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Congenital pulmonary valve


a ect 0.8% to 1% of all

patients born with a heart disease.

The pulmonary heart valve allows

low-oxygen blood to be pumped

from the heart to the lungs to be

replenished with oxygen. If the

valve is improperly formed or does

not exist, the blood pumped out

from the heart flows back and not

enough of it reaches the lungs. This

results in oxygen shortage in the

rest of the body.

Some patients or their

families see each surgery

as ‘testing fate’.

Dr Edgar Tay, National University

Heart Centre, Singapore

introduced a new minimally invasive procedure that

can help to reduce the number of major surgeries

needed in a lifetime. The doctors worked with

imaging specialists and surgeons to push out

the treatment.

This new approach involves inserting an artificial

valve within the deteriorated implant to prop up its

walls and re-open it, explains Dr Tay. A thin tube,

which contains the specially-designed valve (see

sidebox on page 6: “The minimally invasive valve”),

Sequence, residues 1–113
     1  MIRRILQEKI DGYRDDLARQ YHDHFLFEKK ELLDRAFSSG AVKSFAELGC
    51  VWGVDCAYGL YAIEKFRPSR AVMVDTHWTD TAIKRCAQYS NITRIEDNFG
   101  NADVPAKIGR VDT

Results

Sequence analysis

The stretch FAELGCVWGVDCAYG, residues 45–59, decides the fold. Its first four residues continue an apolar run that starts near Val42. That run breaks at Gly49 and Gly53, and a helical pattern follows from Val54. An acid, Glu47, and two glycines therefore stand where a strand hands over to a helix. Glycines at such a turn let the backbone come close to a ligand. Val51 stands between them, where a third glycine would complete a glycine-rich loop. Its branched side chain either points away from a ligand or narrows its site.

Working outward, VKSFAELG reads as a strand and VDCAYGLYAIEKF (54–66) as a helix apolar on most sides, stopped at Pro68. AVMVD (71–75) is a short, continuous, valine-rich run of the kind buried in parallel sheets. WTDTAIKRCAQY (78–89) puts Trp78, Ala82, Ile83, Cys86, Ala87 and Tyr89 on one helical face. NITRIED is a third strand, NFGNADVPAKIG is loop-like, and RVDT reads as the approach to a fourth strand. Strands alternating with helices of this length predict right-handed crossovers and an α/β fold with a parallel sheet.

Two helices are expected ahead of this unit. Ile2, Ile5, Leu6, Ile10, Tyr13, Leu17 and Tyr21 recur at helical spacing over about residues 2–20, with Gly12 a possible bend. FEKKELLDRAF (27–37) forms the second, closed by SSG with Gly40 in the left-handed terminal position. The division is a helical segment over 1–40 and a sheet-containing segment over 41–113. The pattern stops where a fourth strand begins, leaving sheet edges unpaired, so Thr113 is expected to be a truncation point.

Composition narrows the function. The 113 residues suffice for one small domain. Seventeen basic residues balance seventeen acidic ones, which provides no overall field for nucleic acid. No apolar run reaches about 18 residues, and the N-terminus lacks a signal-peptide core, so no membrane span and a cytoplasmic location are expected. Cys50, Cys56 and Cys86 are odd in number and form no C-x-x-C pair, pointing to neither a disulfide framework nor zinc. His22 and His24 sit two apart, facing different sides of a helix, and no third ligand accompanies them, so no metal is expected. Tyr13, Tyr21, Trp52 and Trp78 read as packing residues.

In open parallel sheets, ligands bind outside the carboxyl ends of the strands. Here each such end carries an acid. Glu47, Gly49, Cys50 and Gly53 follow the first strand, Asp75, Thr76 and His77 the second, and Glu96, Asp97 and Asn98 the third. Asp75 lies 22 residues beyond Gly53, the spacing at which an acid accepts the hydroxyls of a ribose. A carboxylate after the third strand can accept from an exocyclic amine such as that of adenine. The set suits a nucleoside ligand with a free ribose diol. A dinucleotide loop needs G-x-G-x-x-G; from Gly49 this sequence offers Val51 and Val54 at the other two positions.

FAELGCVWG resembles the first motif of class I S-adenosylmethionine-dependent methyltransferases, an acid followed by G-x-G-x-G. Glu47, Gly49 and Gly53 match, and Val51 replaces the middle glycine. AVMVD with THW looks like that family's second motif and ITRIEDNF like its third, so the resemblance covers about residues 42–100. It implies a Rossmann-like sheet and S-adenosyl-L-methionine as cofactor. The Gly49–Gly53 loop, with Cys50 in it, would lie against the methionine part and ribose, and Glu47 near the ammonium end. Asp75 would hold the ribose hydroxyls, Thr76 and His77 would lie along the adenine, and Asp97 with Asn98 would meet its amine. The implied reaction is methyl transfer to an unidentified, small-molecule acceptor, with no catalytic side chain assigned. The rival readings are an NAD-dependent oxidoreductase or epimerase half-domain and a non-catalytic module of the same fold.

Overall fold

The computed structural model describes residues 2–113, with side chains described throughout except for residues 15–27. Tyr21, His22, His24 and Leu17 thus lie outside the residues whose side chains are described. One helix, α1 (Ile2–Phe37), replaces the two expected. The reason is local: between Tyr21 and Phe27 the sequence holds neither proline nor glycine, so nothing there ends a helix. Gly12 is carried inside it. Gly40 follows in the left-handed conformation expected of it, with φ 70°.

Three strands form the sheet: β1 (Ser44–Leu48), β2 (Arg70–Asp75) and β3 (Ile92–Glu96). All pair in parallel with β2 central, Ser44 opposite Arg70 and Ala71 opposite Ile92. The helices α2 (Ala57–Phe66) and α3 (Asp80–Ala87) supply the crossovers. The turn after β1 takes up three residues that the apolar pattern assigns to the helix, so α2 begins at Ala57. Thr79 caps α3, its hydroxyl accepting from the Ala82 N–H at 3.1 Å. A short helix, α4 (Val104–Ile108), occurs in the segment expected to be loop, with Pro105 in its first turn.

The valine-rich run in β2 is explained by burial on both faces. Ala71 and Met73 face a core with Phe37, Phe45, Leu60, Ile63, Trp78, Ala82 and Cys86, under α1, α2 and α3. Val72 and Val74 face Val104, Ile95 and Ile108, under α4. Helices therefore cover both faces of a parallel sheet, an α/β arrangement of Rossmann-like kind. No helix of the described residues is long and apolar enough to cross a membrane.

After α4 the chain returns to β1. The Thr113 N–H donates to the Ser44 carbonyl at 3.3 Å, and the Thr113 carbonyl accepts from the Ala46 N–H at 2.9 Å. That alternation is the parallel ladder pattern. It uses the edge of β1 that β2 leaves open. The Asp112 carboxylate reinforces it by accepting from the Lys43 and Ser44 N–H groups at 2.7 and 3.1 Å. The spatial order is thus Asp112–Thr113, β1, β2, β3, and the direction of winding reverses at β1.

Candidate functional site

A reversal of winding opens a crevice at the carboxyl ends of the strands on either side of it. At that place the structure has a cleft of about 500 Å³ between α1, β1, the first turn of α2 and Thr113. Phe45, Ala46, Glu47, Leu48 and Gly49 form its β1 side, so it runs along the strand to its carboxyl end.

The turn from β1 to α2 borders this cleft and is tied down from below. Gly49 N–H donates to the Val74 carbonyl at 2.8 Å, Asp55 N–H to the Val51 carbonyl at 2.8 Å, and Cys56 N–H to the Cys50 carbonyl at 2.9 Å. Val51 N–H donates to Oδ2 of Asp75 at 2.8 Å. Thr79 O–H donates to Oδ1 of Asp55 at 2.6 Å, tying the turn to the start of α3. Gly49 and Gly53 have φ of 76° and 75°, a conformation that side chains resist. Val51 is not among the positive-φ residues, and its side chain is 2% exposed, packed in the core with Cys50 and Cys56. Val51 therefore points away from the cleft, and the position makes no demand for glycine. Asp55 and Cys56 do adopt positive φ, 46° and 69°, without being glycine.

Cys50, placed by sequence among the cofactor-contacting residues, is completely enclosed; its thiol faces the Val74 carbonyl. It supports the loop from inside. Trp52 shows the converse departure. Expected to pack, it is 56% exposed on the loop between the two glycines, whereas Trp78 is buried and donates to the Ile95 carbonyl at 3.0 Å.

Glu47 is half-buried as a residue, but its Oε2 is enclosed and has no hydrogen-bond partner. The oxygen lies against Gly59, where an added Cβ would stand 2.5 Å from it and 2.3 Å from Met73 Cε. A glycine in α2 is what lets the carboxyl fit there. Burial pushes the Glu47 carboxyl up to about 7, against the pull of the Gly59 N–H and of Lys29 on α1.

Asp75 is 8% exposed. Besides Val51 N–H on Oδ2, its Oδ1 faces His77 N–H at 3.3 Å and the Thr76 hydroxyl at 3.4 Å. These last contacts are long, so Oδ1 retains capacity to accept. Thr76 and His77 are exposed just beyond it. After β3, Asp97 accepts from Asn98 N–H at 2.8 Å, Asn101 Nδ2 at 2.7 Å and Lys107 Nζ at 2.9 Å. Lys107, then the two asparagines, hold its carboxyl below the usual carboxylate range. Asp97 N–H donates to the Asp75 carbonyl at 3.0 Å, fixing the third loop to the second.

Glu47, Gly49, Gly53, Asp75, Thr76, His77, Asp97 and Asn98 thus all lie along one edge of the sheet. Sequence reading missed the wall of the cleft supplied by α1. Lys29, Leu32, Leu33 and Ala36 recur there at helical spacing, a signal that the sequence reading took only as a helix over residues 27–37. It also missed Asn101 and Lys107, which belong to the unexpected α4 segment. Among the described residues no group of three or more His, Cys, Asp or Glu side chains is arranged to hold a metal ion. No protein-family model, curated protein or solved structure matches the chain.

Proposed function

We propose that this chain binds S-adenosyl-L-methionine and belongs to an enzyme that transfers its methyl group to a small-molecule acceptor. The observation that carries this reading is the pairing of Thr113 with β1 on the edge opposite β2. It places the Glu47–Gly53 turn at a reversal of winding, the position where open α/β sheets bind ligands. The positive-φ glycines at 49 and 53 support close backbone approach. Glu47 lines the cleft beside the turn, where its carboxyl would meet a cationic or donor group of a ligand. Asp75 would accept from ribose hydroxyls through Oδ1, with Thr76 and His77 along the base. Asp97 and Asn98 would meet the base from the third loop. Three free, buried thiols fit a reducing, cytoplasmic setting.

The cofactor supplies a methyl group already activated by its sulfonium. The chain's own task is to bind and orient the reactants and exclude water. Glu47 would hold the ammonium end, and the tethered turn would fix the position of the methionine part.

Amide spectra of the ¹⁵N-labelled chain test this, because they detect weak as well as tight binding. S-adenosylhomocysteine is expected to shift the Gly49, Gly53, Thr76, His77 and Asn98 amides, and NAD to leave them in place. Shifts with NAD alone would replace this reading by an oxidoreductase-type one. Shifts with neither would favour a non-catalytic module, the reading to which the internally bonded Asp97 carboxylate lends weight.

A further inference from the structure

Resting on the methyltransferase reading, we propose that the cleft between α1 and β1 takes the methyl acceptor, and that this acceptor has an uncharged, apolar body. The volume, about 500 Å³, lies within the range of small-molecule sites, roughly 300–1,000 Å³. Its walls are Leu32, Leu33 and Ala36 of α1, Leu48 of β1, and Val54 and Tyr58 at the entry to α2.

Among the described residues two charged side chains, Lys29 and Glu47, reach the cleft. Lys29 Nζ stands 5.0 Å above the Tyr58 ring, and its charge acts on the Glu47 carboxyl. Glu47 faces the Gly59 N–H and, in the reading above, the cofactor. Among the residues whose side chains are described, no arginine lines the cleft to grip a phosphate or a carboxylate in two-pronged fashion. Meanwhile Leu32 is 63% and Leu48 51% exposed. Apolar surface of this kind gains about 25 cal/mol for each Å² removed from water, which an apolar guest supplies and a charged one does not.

is inserted through a vein in the leg, pushed up to

the heart and into the failing implant.

According to Dr Tay, this procedure does not

replace open heart surgery but o ers the

possibility of delaying the next time the high-risk

operation is needed. Studies in the United States,

Europe and Canada have shown that over 90% of

patients did not need open heart surgery five years

a er the minimally invasive intervention.

The treatment is part of the Congenital and

Structural Heart Disease Programme, one of

NUHCS’ core clinical areas (see page 7: “About

the NUHCS”).

Fewer operations, more benefits

Associate Professor Quek Swee Chye, who heads

the NUH Division of Paediatric Cardiology, says the

new method o ers significant benefits for patients,

many of whom have undergone surgeries in their

younger days. “With each open heart surgery, the

risks become higher because the chest had been

previously opened, and there is underlying scar

tissue which makes surgery more di cult,” says the

Senior Consultant, who works closely with Dr Tay

on the procedure.

Apart from reducing surgical risks, the minimally

invasive approach also lowers the psychological

trauma associated with a major surgery.


OCT 2016